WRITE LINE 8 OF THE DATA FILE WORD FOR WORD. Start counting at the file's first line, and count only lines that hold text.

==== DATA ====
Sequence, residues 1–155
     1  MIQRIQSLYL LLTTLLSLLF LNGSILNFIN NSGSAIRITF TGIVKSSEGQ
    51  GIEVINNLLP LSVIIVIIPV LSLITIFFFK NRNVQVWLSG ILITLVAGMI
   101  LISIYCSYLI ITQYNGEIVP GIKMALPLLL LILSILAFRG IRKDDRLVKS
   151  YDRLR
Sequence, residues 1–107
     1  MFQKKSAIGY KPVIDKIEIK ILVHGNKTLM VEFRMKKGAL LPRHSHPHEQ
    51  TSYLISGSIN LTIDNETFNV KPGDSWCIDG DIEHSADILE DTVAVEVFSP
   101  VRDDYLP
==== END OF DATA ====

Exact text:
    51  TSYLISGSIN LTIDNETFNV KPGDSWCIDG DIEHSADILE DTVAVEVFSP